Response of orthodontic materials to extreme temperatures
Jones, Neal LeBaron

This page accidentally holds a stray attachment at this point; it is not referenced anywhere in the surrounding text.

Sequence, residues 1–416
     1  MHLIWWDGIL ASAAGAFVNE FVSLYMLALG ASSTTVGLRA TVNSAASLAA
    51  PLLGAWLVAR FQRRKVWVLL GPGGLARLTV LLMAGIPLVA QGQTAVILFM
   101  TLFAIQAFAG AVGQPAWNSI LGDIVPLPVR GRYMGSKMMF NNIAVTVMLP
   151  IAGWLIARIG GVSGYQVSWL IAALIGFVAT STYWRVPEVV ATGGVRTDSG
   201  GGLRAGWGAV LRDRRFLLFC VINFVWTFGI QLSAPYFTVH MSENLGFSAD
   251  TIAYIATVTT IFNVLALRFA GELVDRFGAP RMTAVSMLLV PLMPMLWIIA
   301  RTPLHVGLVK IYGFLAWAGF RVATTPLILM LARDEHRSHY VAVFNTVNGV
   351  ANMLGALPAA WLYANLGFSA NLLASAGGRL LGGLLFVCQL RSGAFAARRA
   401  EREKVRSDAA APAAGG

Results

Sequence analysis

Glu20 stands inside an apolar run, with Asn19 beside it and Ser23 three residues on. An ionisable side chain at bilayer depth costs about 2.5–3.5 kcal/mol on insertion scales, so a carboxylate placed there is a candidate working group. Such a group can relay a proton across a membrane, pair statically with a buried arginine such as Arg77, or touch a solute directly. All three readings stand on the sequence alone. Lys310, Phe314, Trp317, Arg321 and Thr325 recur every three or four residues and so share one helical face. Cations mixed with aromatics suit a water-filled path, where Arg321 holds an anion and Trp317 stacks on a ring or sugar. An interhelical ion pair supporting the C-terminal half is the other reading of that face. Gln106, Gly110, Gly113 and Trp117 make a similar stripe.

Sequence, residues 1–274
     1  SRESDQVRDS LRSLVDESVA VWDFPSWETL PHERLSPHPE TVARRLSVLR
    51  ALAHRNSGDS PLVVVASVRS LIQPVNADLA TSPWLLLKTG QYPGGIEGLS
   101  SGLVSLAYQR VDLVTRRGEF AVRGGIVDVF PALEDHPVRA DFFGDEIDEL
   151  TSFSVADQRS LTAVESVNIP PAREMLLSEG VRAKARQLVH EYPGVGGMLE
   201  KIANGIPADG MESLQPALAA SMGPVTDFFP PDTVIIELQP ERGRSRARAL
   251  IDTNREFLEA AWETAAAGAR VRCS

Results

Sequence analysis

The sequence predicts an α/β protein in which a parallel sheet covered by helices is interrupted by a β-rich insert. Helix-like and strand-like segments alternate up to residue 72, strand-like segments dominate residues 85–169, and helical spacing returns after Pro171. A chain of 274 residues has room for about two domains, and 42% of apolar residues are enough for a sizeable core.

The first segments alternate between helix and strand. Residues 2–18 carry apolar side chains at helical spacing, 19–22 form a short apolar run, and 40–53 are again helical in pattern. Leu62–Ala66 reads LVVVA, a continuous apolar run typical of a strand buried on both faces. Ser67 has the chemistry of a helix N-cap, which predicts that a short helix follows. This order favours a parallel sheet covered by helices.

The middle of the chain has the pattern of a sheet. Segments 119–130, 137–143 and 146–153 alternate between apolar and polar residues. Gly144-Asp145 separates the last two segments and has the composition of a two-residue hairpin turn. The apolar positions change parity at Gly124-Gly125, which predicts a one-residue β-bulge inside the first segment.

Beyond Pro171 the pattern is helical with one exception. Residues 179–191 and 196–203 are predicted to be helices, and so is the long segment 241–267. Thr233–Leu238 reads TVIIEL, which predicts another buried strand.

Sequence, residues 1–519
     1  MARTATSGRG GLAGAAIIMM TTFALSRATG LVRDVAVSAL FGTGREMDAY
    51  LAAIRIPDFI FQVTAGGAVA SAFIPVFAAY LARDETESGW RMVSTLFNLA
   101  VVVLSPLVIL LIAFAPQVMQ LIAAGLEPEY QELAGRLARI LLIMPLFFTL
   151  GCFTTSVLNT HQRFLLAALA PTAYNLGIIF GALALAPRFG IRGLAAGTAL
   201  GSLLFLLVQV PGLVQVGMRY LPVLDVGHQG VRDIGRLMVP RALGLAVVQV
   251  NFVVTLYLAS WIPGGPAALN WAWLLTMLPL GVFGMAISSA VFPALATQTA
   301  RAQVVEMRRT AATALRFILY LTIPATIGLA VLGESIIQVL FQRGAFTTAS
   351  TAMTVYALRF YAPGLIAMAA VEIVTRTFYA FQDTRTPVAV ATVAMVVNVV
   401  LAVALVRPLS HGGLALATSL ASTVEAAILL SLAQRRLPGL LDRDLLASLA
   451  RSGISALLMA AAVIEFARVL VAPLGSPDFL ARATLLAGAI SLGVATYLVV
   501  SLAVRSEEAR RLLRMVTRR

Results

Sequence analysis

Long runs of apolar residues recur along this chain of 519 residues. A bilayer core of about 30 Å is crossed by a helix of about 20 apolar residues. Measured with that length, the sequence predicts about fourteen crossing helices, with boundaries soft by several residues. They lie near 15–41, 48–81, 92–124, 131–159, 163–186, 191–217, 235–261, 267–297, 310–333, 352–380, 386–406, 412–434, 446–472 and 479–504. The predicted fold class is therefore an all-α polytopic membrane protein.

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Victims of incineration events challenge the forensic odontologist when coronal restorations are no longer present to compile postmortem data. The increase in the number of patients wearing orthodontic appliances increases the antemortem and postmortem data available to make a positive identification. The aim of this study was to provide an elemental-composition survey of various orthodontic materials before and after exposure to extreme temperatures. Five major orthodontic companies--American Orthodontics, GAC, Ormco, Reliance, and 3M-Unitek donated orthodontic products. We requested all materials that were unique in composition. The products were prepared and subsequently subjected to incineration for 30 minutes at 900 degrees Celsius. The analysis was completed by scanning electron microscopy/energy dispersive x-ray spectroscopy (SEM/EDS) to assess the elemental composition of the products before and after incineration. SEM/EDS successfully identified and fingerprinted various orthodontic brackets, wires, adhesives, and other products before and after exposure to extreme temperatures. This study demonstrates that orthodontic materials are capable of withstanding extreme temperatures, and can be utilized by the forensic odontologist as an aid to post mortem identification. Further, this study begins represents the initial stage of database generation for orthodontic materials as aid to forensic odontologists.